Maolra Seoighe

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Maolra Seoighe, taken from prison, 1882.

Maolra Seoighe (English: Myles Joyce), was an Irish man who was wrongfully convicted and hanged on 15 December 1882. He was found guilty of the Maamtrasna Murders and was sentenced to death. The case was heard in English without any translation service, though Seoighe could only speak Irish. He was posthumously pardoned in 2018.[1][2]

Maamtrasna murders[edit]

Maolra Seoighe was the most prominent figure in a controversial trial in 1882 that took place while Ireland was part of the United Kingdom. Three Irish language speakers were condemned to death for the murder of a local family (John Joyce, his wife Brighid, his mother Mairéad, his daughter Peigí and son Mícheál) in Maamtrasna, on the border between County Mayo and County Galway. It was presumed by the authorities to be a local feud connected to sheep rustling and the Land War. Eight men were convicted on what turned out to be perjured evidence[3] and three of them condemned to death: Maolra Seoighe (a father of five children), Pat Casey and Pat Joyce.

Covering the incident, The Spectator wrote the following:

The Tragedy at Maamtrasna, investigated this week in Dublin, almost unique as it is in the annals of the United Kingdom, brings out in strong relief two facts which Englishmen are too apt to forget. One is the existence in particular districts of Ireland of a class of peasants who are scarcely civilised beings, and approach far nearer to savages than any other white men; and the other is their extraordinary and exceptional gloominess of temper. In remote places of Ireland, especially in Connaught, on a few of the islands, and in one or two mountain districts, dwell cultivators who are in knowledge, in habits, and in the discipline of life no higher than Maories or other Polynesians.[4]

The court proceedings were carried out in a language they did not understand (English), with a solicitor from Trinity College Dublin, who did not speak Irish.[3] The three were executed in Galway by William Marwood for the crime in 1882. The role of John Spencer, 5th Earl Spencer, who was then Lord Lieutenant of Ireland, is the most controversial aspect of the trial, leading most modern scholars to characterise it as a miscarriage of justice; research carried out in the British archives by Seán Ó Cuirreáin, has found that Spencer "compensated" three alleged eyewitnesses to the sum of £1,250, equivalent to €157,000 (by 2016 rates).[3]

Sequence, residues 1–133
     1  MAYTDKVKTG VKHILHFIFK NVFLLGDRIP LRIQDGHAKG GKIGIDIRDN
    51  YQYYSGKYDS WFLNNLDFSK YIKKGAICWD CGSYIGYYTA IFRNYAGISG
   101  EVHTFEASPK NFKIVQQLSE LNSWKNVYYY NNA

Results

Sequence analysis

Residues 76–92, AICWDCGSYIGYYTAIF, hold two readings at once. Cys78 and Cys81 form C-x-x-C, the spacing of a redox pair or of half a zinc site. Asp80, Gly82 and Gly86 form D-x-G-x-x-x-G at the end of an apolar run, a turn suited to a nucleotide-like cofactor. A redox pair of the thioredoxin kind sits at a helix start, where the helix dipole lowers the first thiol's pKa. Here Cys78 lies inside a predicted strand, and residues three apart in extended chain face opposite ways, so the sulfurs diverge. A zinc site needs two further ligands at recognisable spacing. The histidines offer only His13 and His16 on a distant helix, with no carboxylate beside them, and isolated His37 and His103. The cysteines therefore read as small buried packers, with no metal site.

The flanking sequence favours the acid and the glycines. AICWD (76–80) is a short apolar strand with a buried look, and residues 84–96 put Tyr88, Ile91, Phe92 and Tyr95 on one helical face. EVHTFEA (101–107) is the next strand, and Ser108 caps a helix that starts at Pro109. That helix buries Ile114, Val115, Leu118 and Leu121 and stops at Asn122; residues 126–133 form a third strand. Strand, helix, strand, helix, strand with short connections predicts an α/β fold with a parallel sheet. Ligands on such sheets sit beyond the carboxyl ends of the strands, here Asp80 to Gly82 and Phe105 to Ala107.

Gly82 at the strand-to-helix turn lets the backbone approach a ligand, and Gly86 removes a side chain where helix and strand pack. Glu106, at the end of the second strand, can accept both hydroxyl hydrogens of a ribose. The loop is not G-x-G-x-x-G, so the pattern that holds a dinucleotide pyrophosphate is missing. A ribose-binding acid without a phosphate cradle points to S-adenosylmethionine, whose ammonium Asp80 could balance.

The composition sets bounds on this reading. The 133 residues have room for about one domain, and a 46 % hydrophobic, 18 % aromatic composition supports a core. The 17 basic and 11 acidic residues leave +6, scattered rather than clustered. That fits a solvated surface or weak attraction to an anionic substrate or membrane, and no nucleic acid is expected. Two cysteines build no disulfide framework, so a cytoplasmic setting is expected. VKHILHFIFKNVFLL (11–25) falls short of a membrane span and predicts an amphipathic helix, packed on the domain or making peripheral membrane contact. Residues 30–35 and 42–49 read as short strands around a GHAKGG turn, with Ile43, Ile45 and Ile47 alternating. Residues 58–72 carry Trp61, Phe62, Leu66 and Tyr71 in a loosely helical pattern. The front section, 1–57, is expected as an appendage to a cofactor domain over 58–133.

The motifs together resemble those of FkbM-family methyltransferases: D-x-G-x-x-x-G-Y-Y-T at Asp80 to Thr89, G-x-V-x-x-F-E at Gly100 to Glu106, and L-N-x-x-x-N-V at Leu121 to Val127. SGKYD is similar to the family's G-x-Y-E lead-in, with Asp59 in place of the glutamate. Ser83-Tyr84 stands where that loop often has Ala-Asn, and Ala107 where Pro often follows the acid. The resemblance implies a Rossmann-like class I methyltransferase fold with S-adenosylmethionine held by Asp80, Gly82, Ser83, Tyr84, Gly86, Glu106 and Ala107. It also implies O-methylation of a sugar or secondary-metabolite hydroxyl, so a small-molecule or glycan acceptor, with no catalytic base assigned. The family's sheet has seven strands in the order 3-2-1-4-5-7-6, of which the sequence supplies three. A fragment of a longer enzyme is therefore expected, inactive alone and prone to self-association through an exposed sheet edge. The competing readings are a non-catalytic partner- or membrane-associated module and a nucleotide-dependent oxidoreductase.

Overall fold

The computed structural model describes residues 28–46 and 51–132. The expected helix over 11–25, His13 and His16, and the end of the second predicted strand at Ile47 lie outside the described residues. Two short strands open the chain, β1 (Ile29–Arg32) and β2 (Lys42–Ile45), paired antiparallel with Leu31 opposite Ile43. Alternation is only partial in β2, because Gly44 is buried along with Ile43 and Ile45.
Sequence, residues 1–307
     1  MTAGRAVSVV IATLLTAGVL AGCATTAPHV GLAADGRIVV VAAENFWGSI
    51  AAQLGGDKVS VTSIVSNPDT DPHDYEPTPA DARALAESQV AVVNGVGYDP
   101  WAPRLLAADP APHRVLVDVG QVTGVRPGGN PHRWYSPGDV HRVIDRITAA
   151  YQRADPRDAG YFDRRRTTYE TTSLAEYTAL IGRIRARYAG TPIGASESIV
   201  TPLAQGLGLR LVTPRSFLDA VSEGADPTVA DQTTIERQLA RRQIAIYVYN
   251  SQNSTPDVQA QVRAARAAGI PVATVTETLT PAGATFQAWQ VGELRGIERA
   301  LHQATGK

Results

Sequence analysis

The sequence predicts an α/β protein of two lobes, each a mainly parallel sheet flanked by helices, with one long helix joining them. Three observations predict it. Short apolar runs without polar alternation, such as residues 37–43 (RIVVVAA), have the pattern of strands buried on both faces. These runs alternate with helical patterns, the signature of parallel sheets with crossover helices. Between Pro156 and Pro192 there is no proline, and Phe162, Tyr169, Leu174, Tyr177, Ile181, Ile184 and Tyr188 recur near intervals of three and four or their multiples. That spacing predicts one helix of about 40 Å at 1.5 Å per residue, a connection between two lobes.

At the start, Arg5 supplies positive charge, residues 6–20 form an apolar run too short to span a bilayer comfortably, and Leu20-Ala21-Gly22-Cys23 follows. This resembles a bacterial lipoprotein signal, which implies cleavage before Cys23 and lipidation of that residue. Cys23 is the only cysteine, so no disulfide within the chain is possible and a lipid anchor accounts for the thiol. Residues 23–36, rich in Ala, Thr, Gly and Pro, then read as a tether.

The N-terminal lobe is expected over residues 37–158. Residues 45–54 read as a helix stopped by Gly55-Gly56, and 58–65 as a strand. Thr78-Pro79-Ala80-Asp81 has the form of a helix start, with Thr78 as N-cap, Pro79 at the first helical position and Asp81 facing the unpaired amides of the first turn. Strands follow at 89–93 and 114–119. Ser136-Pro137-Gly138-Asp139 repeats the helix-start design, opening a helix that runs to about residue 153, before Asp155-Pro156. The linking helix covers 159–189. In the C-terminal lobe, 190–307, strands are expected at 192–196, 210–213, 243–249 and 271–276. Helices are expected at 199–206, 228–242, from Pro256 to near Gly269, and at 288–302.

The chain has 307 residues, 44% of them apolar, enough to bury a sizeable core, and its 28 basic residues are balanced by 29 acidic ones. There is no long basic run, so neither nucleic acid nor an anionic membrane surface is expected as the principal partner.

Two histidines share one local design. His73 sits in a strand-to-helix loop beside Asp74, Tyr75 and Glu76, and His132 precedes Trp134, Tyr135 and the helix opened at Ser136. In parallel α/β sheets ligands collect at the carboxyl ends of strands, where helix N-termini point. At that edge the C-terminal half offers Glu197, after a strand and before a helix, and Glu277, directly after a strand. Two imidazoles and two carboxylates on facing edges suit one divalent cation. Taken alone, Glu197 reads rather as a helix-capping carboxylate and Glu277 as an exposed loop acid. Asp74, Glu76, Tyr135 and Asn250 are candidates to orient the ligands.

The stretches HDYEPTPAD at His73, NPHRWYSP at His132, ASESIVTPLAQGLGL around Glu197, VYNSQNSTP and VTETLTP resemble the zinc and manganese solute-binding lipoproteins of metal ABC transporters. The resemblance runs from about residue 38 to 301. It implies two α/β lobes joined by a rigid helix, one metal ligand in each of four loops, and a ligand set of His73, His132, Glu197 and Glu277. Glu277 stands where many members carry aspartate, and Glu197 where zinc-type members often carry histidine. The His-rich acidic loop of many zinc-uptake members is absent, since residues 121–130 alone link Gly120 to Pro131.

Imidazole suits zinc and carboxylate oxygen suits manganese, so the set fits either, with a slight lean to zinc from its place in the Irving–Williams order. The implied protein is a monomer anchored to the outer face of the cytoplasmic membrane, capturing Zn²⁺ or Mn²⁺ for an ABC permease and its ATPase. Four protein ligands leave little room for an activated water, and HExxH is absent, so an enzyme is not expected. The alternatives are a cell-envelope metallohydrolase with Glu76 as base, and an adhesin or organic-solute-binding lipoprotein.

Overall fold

To date, the Spencer family and the British government have issued no apology or pardon for the executions, though the case has been periodically taken up by various political figures. The then MP for Westmeath, Timothy Harrington, took up the case, claiming that the Crown Prosecutor for the case George Bolton, had deliberately withheld evidence from the trial. In 2011, two sitting members of the British House of Lords, David Alton and Eric Lubbock from the Liberal Democrats, requested a review of the case. Crispin Blunt, Tory Parliamentary Under-Secretary of State for Prisons and Youth Justice, stated that Seoighe was "probably an innocent man", but that he would not be seeking an official pardon.[3]

On 4 April 2018 Michael D. Higgins, the President of Ireland, issued a pardon on the advice of the government of Ireland saying "Maolra Seoighe was wrongly convicted of murder and was hanged for a crime that he did not commit".[5] It is the first presidential pardon relating to an event predating the foundation of the state in 1922[6] and the second time a pardon has been issued after an execution.[5] The case of Maolra Seoighe is not an isolated one, and there are strong similarities with the case of Patrick Walsh who was hanged in Galway jail on 22 September 1882 just three months before Maolra for the murders of Martin and John Lydon. The same key players and political factors were active in both cases and his conviction is just as questionable as that of Maolra


In September 2009, the story featured on RTÉ's CSI programme under an episode entitled CSI Maamtrasna Massacre.[7] A dramatised Irish-language film regarding the affair, entitled Murdair Mhám Trasna, produced by Ciarán Ó Cofaigh was released in 2017.[8][9]

See also[edit]


  1. ^ Mulraney, Frances (5 April 2018). "Innocent Irish man pardoned almost 140 years after he was hanged for murder". IrishCentral. Retrieved 20 May 2018.
  2. ^ "Maamtrasna murders: a shameful episode finally laid to rest". The Irish Times. 7 April 2018. Retrieved 20 May 2018.
  3. ^ a b c d "A wrongful hanging in Connemara, 1882". The Irish Times. 20 May 2016.
  4. ^ "The Tragedy at Maamtrasna". The Spectator. 18 November 1882. Retrieved 16 August 2020.
  5. ^ a b Fortin, Jacey (6 April 2018). "Hanged After a Trial He Couldn't Understand, and Pardoned 136 Years Later". The New York Times. ISSN 0362-4331. Retrieved 21 May 2018.
  6. ^ "Pardon granted to man executed over Mám Trasna murders". RTÉ. 4 April 2018. Retrieved 4 April 2018.
  7. ^ "Maamtrasna murders to feature in RTE documentary". The Mayo News. 21 September 2009.
  8. ^ "ROSG Docu-Drama 'Murdair Mhám Trasna' directed by Colm Bairéad Filming this Week". IFTN. 24 April 2017.
  9. ^ "Reconstruction of Galway murder hangings for TG4". The Irish Times. 2 May 2017.


  • Waldron, Jarlath (1992). Maamtrasna: The Murders and the Mystery. Edmund Burke Publisher. ISBN 0946130078.
  • Kelleher, Margaret (2018). The Maamtrasna Murders. University College Dublin Press. ISBN 978-1-91082-042-1.

External links[edit]